A long and arduous journey to Krabi involved a wide array of different modes of transport and an unwelcome rainstorm. This caused us to arrive, along with everything we owned, soaked to the bone. After a night in the main town we headed to the backpacker's haven of Railay Beach. The journey was initially delayed as we were stranded in our hotel reception watching the relentless downpour. Once we finally braved the weather our departure was further hindered by a stand-off with the longboat drivers and their blatant attempts to rip us off. After surrendering we endured an Ellen McArthur-style Atlantic crossing which left our faces stung by the spray and nausea all round. We disembarked to a beautiful lagoon enshrouded by stunning cliffs. The still visible effects of the tsunami were a constant reminder of how different this Paradise place can be. The hunt for accommodation came up trumps when we found a pretty much deserted resort of chalets amidst lush greenery with spectacular views. The only drawback were the 65,000 near-vertical steps that had to be clambered up, rucksacks and all.

    A smug day was spent lounging by the beautiful pool followed by an equally enjoyable day cruising round nearby islands- the highlight was the island that resembled a giant chicken, for obvious reasons.

    Snorkelling was enjoyed and luckily the large number of jellyfish were avoided. One of our favourite aspects of Krabi and in fact all of the islands, has been the seafood. Krabi particularly impressed us with it's evening barbeques where sumptuous shark and barracuda steaks were thoroughly enjoyed.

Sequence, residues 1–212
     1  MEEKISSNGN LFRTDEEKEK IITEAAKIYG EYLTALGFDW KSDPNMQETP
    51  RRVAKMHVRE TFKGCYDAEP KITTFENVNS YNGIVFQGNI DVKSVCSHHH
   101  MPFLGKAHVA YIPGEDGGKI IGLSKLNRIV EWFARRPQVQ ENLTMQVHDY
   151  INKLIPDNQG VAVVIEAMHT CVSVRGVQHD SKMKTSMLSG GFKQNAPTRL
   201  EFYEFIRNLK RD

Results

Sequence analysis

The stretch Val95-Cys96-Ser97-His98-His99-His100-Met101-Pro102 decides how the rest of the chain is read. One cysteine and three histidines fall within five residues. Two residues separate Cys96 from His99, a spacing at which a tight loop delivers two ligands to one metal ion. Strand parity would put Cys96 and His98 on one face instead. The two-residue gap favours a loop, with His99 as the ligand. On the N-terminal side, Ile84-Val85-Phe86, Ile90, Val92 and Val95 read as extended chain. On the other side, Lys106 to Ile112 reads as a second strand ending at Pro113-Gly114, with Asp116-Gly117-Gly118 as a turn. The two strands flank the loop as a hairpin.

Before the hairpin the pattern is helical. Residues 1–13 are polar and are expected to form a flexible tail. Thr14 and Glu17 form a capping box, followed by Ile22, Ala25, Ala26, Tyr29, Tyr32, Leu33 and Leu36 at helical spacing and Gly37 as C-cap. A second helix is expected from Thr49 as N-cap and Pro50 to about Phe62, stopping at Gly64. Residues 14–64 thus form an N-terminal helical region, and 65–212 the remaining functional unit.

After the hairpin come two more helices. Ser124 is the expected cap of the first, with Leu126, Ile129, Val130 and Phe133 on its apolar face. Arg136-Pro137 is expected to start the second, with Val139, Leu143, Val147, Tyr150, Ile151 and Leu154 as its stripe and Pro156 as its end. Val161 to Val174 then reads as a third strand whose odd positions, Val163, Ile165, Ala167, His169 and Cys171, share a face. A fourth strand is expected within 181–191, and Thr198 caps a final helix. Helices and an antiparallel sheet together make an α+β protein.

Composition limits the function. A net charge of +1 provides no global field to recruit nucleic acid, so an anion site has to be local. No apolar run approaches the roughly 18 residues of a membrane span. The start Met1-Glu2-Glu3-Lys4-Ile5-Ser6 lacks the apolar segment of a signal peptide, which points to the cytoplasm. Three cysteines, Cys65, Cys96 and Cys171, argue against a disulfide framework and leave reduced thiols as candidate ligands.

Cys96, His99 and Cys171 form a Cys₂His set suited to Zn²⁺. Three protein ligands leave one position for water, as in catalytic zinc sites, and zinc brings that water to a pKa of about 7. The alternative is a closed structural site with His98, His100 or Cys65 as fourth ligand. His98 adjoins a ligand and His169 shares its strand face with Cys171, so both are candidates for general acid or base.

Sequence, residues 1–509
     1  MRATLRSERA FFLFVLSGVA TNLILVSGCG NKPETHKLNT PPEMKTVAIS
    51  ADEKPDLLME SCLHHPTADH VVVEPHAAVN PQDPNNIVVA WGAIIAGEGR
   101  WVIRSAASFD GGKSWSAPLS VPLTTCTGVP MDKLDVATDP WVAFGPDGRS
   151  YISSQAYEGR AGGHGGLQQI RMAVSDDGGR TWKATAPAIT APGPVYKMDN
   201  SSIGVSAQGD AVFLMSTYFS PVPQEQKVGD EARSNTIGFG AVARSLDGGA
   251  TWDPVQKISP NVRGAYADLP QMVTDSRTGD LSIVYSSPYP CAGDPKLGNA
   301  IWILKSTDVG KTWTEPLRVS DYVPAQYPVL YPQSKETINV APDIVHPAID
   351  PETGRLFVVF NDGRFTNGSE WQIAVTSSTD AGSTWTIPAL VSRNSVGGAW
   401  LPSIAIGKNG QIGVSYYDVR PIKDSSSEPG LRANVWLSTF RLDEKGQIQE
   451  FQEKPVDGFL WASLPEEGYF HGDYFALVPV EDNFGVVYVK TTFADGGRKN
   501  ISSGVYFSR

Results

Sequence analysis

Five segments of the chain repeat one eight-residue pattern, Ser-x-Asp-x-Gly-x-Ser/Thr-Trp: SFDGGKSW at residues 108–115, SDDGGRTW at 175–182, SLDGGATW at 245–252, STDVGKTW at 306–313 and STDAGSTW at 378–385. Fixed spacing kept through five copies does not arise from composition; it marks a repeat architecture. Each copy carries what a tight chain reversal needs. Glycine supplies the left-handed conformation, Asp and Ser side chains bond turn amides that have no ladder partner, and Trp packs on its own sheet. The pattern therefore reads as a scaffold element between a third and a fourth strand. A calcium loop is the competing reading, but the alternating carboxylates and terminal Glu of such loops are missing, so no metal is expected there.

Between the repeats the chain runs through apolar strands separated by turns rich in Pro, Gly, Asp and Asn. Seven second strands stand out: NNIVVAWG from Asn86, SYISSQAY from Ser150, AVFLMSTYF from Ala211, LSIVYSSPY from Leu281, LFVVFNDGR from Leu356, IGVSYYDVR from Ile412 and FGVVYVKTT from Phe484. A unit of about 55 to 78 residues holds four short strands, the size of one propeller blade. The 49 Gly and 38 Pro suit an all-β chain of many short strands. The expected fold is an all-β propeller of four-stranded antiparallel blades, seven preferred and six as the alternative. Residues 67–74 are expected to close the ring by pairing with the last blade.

We left Railay Beach for Phi Phi which involved a slippery stomp through the shallows, with rucksacks on to board our boat. This was worth it when we were rewarded with free tea and biscuits once aboard. Murph and Robbi decided to become advanced divers on Phi Phi and so embarked on a course with crazy German instructor Hollie. Things got off to a hairy start when within the first five minutes, Robbi plummeted to the depths of 20m, disappearing within seconds into the darkness causing Hollie to go and fetch him and leaving Murph bobbing alone in the middle of the sea. Necessary elements of the course included a dive to 30m and navigating under water. The pair elected to do a wreck dive, peak performance buoyancy and underwater photography. All proved interesting due to high winds and rough seas, making clambering round the boat in scuba gear somewhat perilous. However, the wreck dive caused the most drama when the disappearance of a marker buoy, caused an entire passenger ferry to go missing under the sea. Luckily a fancy boat with a radar turned up to save the day and Murph proved she had learnt little in the navigation course when she managed to crash into the wreck twice.